How has your experience helped or shaped your life beyond college? In what ways do you feel like being in a sorority or fraternity boosted your resume?

“I very frequently hang out with my friends that I met through Sorority life. There has also been a domino effect on my career, as a sorority sister helped me land my first job on campus, which led to opportunities in my field of study, which eventually landed me my current job that I love! I was able to diversify my experience with social media and marketing, and it led me to go out for more career-based clubs, which has boosted my resume!”

Her advice for those wanting to join Greek life is to join based on the people. Find the people you want to surround yourself with, and then you can find your own purpose in your organization. 

How I Made it Through My Statistics Class

surviving statistics

In college, the majority of my classes during my freshman year were fairly easy. Show up to class, do the readings and assignments, and pass the class. During the second semester of my freshman year, I was incredibly sick the first week of classes. We’re talking in and out of the emergency room kind of sick. I missed a lot of the really important first days where you learn more about the class and are taught the fundamentals to get you through the rest of the curriculum.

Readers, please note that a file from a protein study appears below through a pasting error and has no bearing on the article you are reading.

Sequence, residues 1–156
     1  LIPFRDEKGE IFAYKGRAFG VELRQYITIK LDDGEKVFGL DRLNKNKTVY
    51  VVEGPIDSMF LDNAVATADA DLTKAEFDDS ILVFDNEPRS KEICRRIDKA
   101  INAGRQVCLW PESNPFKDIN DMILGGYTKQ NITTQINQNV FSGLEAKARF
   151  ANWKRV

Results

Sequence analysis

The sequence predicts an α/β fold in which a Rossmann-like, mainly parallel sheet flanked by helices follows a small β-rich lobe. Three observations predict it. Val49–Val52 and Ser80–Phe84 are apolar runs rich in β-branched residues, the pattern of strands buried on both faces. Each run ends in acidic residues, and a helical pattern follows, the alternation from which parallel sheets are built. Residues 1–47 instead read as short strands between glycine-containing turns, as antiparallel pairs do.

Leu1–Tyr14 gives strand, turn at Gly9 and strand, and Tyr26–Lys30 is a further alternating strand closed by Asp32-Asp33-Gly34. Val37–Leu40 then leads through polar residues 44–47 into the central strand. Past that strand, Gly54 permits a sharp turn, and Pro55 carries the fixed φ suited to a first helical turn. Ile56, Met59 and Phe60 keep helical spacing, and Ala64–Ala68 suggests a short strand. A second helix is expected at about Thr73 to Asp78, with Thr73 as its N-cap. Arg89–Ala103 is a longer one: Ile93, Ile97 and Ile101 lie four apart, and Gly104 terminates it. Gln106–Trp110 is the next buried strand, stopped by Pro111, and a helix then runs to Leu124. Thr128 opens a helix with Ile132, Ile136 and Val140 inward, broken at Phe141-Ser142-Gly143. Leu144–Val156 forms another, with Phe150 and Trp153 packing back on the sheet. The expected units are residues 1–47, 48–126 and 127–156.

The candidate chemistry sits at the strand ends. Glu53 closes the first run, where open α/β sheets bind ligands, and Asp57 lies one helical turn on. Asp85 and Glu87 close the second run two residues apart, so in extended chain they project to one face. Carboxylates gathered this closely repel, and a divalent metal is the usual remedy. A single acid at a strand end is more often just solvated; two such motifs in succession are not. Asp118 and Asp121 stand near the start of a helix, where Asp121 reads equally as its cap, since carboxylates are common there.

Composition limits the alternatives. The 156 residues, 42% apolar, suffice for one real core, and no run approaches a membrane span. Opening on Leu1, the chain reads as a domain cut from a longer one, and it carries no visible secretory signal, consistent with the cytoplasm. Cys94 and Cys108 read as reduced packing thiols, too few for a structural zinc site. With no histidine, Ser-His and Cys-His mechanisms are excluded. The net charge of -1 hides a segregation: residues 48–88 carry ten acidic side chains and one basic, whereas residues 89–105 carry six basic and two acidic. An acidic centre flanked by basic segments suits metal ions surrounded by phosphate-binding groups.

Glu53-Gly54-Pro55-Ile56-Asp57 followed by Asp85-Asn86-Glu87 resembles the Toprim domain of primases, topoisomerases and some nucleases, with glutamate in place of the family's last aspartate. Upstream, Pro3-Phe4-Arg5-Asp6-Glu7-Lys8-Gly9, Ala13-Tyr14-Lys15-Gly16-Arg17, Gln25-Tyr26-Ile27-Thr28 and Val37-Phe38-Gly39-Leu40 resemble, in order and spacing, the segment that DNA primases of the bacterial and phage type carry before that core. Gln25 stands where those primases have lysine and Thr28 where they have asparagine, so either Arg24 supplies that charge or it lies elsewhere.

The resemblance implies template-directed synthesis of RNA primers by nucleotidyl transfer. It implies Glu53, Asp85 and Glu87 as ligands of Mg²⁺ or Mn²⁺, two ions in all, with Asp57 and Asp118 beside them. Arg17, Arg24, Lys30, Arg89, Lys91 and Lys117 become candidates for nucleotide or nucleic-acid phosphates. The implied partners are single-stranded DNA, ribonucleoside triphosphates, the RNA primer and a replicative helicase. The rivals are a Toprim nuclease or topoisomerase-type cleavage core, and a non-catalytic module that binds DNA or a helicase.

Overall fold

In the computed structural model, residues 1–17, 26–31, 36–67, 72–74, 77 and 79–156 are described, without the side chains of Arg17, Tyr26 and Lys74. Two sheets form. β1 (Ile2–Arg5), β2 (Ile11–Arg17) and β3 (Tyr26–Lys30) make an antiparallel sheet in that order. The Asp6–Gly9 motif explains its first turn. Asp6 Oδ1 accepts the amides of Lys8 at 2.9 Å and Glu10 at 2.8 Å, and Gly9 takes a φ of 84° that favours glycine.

For all 6 classes I was signed up for, I met directly with professors and TA’s, explained my situation, and was given all of the material and information I needed to succeed. This worked fantastic for 5 of the classes! I was off to a great start and felt successful in the material. However, the 6th class… My statistics class. This was not sufficient. The information students were given on bell curves and percentiles took an entire class of one hour and twenty minutes to cover. However, I was given the reader’s digest version in a quick 30 minute office hours time slot with my professor. 

I walked away from her office hours feeling like I understood. But then I sat down to do the first homework assignment and quickly realized I didn’t grasp the concept as well as I thought. The very next day I was in the TA’s office hours trying to understand what had just been taught to me. This was my very first interaction with statistics and it was going over my head. I felt so defeated because it wasn’t like my other classes where I just show up, do the work, and pass. I actually had to work for this grade!